The Forbes article calls LIRPs “overfunded” insurance policies: you are generally paying in more money than is required to maintain the death benefit. “This excess allows the policy to accumulate cash value more quickly,” the article states, “which can increase the tax-free income stream available during retirement.”
LIRP Loans Versus Withdrawals
The Forbes article refers to the ability to borrow against cash value as “a key benefit” of a life insurance retirement plan. “As your policy’s cash value grows, you can borrow from it to supplement your retirement income—even before age 59½,” Horton writes.
Horton’s article describes the borrowing process as pretty simple. Decide how much you want to take out based on your policy’s cash value. Follow your insurance company procedures to ask for the loan and you’ll have it quickly. Best of all, repayment is flexible, says Forbes.
“There’s no strict repayment schedule, so you can repay the loan at your convenience,” the article explains. Still, it’s important to manage any loans carefully, because unpaid loans reduce your death benefit. You’ll also keep on paying premiums, and if those premiums are less than the amount required to maintain cash value at the required level, your policy can lapse. If you mismanage your LIRP loans, you could get socked with higher premiums to keep the policy in force.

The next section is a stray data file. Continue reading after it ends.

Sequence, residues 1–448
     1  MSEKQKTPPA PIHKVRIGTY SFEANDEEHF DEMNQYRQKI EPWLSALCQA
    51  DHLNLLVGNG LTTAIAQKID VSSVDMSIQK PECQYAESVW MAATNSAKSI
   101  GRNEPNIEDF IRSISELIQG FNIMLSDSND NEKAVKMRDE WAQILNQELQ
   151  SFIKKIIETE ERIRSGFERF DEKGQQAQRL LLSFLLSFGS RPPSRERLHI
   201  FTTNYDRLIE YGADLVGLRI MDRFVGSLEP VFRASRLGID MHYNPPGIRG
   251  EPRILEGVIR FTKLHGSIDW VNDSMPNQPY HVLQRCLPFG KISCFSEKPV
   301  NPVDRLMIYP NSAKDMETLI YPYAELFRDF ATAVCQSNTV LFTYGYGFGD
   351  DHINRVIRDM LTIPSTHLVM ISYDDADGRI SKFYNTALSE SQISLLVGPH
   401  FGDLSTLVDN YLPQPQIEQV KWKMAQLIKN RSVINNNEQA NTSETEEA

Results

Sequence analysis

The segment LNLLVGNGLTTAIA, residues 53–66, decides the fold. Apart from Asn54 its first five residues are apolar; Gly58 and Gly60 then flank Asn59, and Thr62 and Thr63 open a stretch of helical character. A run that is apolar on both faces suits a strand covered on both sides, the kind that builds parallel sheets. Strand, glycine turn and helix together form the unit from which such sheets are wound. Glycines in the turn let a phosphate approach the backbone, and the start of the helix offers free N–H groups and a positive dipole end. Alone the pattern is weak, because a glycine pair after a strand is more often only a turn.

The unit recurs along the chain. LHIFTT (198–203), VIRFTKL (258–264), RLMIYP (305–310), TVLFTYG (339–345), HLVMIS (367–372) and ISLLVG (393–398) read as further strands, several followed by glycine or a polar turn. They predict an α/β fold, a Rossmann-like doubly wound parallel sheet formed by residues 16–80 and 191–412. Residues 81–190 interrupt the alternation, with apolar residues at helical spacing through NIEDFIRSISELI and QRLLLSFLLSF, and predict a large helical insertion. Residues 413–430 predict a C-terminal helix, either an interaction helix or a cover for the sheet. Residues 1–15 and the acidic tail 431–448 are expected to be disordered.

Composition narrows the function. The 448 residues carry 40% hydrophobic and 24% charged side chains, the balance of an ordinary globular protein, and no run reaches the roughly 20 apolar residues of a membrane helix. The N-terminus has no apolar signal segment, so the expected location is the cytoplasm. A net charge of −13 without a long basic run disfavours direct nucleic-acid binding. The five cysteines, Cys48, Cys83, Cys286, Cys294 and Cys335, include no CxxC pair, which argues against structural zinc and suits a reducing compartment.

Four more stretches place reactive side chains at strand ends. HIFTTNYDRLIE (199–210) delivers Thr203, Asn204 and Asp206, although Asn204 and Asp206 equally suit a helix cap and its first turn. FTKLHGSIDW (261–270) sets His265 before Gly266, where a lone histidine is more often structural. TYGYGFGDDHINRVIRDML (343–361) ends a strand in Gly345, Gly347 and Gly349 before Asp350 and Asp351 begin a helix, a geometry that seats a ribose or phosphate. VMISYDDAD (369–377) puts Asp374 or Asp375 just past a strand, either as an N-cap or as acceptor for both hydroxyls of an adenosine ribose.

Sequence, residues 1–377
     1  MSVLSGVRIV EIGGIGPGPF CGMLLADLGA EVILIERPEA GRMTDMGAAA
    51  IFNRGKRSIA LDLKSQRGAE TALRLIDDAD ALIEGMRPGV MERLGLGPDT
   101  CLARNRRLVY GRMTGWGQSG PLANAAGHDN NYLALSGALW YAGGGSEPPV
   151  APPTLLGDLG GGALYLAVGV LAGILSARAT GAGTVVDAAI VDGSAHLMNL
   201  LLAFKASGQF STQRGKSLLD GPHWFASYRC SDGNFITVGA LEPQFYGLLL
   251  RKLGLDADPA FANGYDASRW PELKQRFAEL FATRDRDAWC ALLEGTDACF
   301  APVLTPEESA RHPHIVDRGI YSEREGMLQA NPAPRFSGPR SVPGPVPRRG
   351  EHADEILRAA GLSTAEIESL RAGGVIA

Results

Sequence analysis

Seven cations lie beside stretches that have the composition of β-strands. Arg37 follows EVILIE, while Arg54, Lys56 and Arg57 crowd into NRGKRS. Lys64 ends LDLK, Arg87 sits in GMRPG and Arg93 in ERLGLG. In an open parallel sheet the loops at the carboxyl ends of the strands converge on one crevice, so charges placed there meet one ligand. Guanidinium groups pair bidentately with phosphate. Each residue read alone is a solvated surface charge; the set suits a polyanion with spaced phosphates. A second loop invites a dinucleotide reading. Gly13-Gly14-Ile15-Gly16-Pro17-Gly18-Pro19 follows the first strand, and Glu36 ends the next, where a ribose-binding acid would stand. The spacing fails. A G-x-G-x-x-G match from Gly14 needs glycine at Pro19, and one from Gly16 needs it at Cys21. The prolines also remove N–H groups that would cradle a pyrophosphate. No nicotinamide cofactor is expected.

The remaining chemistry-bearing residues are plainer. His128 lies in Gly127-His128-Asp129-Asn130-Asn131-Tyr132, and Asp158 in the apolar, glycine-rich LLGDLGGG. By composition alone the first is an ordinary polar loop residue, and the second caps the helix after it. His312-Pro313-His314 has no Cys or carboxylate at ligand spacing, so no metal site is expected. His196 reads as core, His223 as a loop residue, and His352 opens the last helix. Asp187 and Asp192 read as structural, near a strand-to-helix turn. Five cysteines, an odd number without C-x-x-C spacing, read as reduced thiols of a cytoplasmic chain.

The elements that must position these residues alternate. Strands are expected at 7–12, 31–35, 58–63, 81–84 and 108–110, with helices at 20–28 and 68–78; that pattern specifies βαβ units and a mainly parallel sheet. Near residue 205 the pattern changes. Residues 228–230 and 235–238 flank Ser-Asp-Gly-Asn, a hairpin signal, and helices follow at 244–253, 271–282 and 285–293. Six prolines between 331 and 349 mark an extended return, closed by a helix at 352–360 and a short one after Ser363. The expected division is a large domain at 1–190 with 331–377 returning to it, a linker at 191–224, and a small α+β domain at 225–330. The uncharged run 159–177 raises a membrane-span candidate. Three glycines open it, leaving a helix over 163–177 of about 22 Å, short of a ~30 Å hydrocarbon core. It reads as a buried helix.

Withdrawals are even simpler, says Horton. “Before you turn 59½, you can withdraw money tax-free up to the basis. Withdrawal amounts above the basis are taxable. After age 59½, withdrawals are not taxable.”
Pros and Cons of a LIRP
As we’ve noted, a LIRP can be a useful tool for retirement planning, “but,” Horton advises, “it’s important to carefully consider the pros and cons before making a decision.” Here’s her list:
*Tax-free income in retirement
*Tax-free death benefit for beneficiaries
*No contribution limits
*No required minimum distributions (RMDs)
*Guaranteed return rates on cash value with some policies
*Higher premiums and fees
*Not a standalone retirement solution
*Withdrawals and unpaid loans reduce the death benefit
*Potential for policy lapse if cash value drops below a certain minimum
*Substantial amount of cash value needed to generate tax-free income
What’s the Cost of a Life Insurance Retirement Plan?
As with any form of investment, a life insurance retirement plan comes with costs and fees. These will generally include:
Premiums: The amount depends on your age, your health, and the level of coverage and other factors. The younger and healthier you are, the lower your life insurance quotes.